This is where I came in. Several years earlier Judy and I had worked together on a wedding quilt for her daughter, Laura. That quilt was only the second quilt I had ever worked on, the first being a beginner’s sampler taught at a local quilt shop. I have always thought the best way to learn something new was to start a project that tested your talents rather than start simple. Laura and Brian’s quilt was definitely a challenge!

Judy and I got together with the blocks and contemplated the best way to get the quilt completed in time for the wedding. I came up with several designs for the quilt top including one in an eight-pointed star design, but we decided to quilt the blocks in the quilt-as-you-go style and sew into rows to simplify construction. We purchased two new feed sack reproduction fabrics, divided the blocks between us, and went home to start hand quilting each individual block.

Several months later we got together again to join the blocks into the quilt top, that’s when the problems started. The blocks although pretty and fairly well constructed were not the same sizes. Also, quilt-as-you-go is not the easiest method for non-square blocks, remember, these blocks are large diamonds-shaped blocks (11½ x 23″). We stitched the blocks together as best we could and then turned it over to whip-stitch the the back seams. Oh, my! In some places the seams had several inches of fabric to play with, but others had gaps that left the batting uncovered.

We pinned the quilt together and covered the gaps with extra fabric, then decided it was too small and would need a border or two. The wedding was just a few weeks away. We decided to present the quilt to them in it’s incomplete state, pins and basting stiches intact, and finish it afterwards. That was eight years ago.

Thursday, August 10, 2006

Okay, so I’m not the best blogger around. I’m taking the summer quarter off from college so I can catch up with my life. I have several unfinished projects which I would like to get to their respective recipients.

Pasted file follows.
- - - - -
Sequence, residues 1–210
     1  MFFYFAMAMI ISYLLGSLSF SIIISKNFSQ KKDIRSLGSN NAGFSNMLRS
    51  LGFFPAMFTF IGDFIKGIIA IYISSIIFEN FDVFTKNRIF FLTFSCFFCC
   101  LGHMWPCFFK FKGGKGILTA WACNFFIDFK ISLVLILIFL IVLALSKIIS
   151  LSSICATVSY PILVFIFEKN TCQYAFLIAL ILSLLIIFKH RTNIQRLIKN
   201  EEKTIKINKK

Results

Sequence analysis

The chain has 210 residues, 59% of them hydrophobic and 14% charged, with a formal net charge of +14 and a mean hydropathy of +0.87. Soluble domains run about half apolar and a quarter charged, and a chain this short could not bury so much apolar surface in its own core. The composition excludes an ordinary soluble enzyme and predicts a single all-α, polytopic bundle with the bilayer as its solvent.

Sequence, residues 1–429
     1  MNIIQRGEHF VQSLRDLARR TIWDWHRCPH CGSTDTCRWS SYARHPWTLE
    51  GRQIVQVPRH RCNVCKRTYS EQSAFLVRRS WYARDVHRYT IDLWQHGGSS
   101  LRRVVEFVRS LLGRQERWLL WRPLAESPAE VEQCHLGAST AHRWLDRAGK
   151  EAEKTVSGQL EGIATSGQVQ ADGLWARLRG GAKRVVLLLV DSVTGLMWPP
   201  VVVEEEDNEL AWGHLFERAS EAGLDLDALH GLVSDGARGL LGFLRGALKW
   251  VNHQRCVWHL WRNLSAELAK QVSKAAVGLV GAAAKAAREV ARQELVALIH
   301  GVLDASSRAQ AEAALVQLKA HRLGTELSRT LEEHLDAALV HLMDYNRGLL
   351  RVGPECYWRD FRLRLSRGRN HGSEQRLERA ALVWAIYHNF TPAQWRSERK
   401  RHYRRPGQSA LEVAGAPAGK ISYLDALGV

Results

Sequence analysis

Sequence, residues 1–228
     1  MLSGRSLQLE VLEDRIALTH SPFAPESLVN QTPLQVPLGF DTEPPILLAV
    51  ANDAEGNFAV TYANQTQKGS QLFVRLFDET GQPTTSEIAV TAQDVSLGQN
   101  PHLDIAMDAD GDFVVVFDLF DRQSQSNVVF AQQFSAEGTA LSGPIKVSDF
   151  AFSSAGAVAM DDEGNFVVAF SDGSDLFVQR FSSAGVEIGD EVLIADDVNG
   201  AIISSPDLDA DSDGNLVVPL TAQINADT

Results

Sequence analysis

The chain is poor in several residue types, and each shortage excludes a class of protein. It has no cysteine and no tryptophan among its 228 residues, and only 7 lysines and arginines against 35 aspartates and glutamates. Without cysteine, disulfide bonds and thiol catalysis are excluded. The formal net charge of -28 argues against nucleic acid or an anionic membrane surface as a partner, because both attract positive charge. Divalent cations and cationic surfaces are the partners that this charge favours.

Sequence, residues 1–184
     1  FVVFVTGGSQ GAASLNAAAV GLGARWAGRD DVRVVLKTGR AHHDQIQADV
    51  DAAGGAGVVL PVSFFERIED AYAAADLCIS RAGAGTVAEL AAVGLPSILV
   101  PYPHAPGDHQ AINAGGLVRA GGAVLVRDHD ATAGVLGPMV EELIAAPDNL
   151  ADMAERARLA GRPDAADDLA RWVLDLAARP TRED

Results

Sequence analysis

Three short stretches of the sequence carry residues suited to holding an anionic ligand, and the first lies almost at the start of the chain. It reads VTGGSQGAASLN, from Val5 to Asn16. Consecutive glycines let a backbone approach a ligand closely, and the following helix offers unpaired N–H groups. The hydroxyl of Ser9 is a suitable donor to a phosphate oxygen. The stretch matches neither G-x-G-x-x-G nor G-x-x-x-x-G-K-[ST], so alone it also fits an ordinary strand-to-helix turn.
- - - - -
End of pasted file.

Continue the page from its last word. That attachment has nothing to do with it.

My email group on Yahoo Groups, Quilt Guy, is having a fabric exchange. We have chosen batiks or hand dyed fabrics. Each member will send two fat-quarters of fabric to every participant and receive nearly two dozen fat quarters in exchange. It’s a great way to build up some diversity in your stash. Now, if we could exchange UFO’s with each other I might get some work done.

Wednesday, April 5, 2006

A quick introduction. My name is Kevin and I’ve been quilting for quite a long time. I don’t have much to show for it, but wanted to have a repository of pictures of the quilts I’ve either made, designed, or coordinated. Lovin’ this Google page creator! I’ve stressed for years on a page design and what I wanted to include, but this makes it easy. It’s not the spectacular Flash enhanced, Java enable masterpiece I dreamed of, but it’s a web page!
I’ll post pictures of my quilts in chronological order starting with my early work, then move on from there. Included will be donation quilts made for Ronald McDonald House, Habitat for Humanity, Sunshine State Quilters Association, and Quilters Guild of Indianapolis; books that I’ve either created the graphics for or designed from cover to cover for Kaye England, Mary Ellen Hopkins, and Brenda Papadakis; and I’ll try to get some of my works-in-progress on here.

Kevin's thoughts, progress, and sights along the way